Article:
Determine your budget – how much can I afford to borrow?
There are two key calculations to make when you’re thinking about buying a new home:
what you can afford to pay – an upper limit that cannot be exceeded
what you are prepared to pay – always less than you can afford and possible to shift if you want an extra feature in your home
Most banks and mortgage companies provide access to free online calculators that can help you work out what you could be eligible to borrow and calculate your repayments. While the lender will calculate a maximum loan amount, you should consider what you can realistically afford based on your:
short and long-term plans (for example, starting a family, holidays, or changing jobs)
It’s important to consider your circumstances can change and interest rates fluctuate, so many advisors recommend you allocate around one third of your gross income to mortgage repayments.
What will my repayments be?
- Tools and calculators overview
- Loan repayments calculator
- Calculate My Repayments
- Rates, calculators and tools
Other costs and fees
One-off and other regular costs associated with your mortgage should also be considered. These could include:
lender’s fees for loan applications, valuations, account establishment and financial transfers, plus any ongoing account-keeping fees (and any fees for changing the features of your loan during its term)
mortgage insurance when your deposit is less than 20% of the property cost
State Government stamp duty paid to transfer the property to you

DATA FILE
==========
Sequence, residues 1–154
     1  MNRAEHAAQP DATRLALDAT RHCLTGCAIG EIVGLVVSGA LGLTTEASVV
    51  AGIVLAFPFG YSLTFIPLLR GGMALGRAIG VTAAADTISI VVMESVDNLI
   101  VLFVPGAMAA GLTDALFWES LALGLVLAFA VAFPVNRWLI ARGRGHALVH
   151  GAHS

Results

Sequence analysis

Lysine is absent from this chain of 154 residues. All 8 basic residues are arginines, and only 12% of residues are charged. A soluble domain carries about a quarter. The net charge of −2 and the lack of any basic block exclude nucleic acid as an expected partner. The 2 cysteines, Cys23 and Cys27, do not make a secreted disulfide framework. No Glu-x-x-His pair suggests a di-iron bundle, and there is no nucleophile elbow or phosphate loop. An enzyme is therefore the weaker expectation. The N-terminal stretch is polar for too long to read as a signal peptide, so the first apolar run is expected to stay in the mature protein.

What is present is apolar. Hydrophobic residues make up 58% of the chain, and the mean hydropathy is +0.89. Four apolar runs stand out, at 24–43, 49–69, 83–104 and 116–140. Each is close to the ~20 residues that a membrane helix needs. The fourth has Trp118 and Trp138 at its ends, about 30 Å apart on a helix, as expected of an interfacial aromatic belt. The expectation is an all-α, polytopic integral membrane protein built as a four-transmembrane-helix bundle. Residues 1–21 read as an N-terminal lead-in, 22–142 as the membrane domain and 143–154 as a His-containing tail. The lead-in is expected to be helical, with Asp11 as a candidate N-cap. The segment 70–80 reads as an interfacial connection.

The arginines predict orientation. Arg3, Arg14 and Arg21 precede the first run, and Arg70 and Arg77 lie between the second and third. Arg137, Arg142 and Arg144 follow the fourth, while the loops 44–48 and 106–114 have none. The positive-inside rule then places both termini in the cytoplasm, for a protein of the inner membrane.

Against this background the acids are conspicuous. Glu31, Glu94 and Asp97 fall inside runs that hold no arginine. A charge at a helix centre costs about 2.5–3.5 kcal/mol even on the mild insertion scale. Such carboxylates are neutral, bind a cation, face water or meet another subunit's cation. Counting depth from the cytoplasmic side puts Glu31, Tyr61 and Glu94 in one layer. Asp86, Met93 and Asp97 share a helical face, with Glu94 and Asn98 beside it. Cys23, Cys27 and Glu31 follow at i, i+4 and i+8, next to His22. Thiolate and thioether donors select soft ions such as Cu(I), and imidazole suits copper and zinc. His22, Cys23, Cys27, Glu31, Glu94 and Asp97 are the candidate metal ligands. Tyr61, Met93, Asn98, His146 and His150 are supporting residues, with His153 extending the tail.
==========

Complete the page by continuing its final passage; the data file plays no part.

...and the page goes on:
GST on new homes
conveyancing fees, which are legal costs for transferring the property to you
settlement agent fees for tasks undertaken in transferring the land, such as resolving special conditions or determining rates to be paid
fees charged by lawyers/solicitors involved in buying or building your home
property inspection costs if you arrange a formal inspection of a property, which might involve termite checks, soil tests or a land survey review
home building insurance on the property, which is often required by your lender
In addition to these costs, you should consider insurance for the property and your income - the premiums for which need to be factored into your budget. You should also factor in the cost of moving into your new home and fees charged by the experts/consultants such as architects, interior designers, engineers, building consultants, etc.
NOTE: If you are not a resident of Australia and wish to purchase land there are special conditions to apply. For further information contact the Foreign Investment Review Board.
Choosing the right home loan
With so many loan options available, it can pay you to shop around for the best deal on interest rates, fees and repayment options. It's important that you select a loan type that suits your individual circumstances and needs. Banks, building societies, credit unions and mortgage originators all offer special deals or packages that can help you manage your financial investment.
Mortgage brokers can provide details on behalf of a range of financial institutions. However, it’s always a good idea to establish whether the broker is independent or receiving commissions from lending institutions. They are required to disclose all fees and commissions before you sign up, and you should also make sure they are registered with the Mortgage and Finance Association of Australia
Whether you’re organising a loan through a broker or direct with a financial institution, ask about ‘pre-approval’. This means you have finance approval 'in principle' to buy a property and this can make the loan process quicker and easier when you find your ideal homesite.
It is recommended that you ask the lender for a letter outlining how much they are willing to lend you. Don't rely on online approvals or calculators.